November 13, 2023

6 Ways to Maximize Your Retirement Savings Before Year-End: Self-Directed IRA Checklist

Written By: Daniel Gleich

Key Points 

  • As the end of the year approaches, consider reviewing your Self-Directed IRA investments and taking key actions before December 31 to maximize your retirement savings.
  • Actions such as taking required minimum distributions, donating to charity through a qualified charitable distribution, and performing a Roth Conversion must be completed by year-end to achieve maximum savings.
  • It is recommended to take time at the end of the year to rebalance your portfolio and see where you can further diversify with alternative assets.
Investor turning the calendar from 2023 to 2024 to signify the new year and all of the Self-Directed IRA checklist items needed to be accomplished to maximize their retirement savings in the new year.

Along with wrapping presents, spending time with loved ones, and spreading holiday cheer, consider looking at your personal finances before the New Year’s countdown begins. Preparing and managing your portfolio now will make your transition to the new year and retirement smoother.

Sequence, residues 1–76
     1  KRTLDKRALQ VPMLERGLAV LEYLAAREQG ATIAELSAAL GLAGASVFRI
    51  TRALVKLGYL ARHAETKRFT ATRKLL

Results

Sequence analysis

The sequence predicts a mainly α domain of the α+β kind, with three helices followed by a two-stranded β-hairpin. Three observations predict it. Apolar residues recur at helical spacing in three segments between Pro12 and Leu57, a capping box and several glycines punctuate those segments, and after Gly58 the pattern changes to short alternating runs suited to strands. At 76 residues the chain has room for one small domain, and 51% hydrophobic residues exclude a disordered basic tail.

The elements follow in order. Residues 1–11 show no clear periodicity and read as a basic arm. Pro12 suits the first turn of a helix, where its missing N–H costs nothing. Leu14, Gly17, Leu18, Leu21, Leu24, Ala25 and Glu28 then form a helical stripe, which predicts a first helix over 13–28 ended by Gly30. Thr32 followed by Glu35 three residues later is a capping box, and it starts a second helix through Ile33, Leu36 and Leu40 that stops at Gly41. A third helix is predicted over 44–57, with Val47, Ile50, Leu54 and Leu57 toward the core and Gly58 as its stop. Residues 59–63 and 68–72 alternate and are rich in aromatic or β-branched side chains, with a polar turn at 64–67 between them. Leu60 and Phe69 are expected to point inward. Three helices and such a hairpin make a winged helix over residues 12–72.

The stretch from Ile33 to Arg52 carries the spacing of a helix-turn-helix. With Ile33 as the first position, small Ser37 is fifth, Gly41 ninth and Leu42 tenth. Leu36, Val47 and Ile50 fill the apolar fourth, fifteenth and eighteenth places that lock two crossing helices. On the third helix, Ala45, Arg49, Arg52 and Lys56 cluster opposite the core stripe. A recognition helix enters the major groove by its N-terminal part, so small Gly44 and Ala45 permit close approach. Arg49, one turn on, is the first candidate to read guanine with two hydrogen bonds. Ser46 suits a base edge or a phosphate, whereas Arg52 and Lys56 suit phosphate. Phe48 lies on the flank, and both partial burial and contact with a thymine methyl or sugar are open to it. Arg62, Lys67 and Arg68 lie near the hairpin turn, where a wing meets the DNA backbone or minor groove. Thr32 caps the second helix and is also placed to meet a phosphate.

The following year-end Self-Directed IRA checklist can help you stay on track to maximize your savings, minimize your taxes, and meet your personal finance goals in the new year.

1. Maximize Your Self-Directed IRA Contributions

Mason jar labeled "IRA" with a calculator and money on the table to show the act of saving for retirement with a Self-Directed IRA and the importance of maximizing your Self-Directed IRA contributions.

Regular Self-Directed IRA contributions can grow into significant retirement savings. Maximizing your retirement contributions can potentially reduce your earned income and lower the amount of taxes owed for Self-Directed Traditional IRA account holders. Plus, adding the maximum amount each year gives your investments more time to grow in a tax-advantaged account.

The maximum contribution limit is increasing next year, which will allow taxpayers to put away more money in 2024. Before receiving your first paycheck in the new year, consider increasing the percentage of your income that will be added to your retirement account. This will ensure you continue contributing the maximum amount.

Type of Retirement AccountContribution Limit 2024Contribution Limit 2023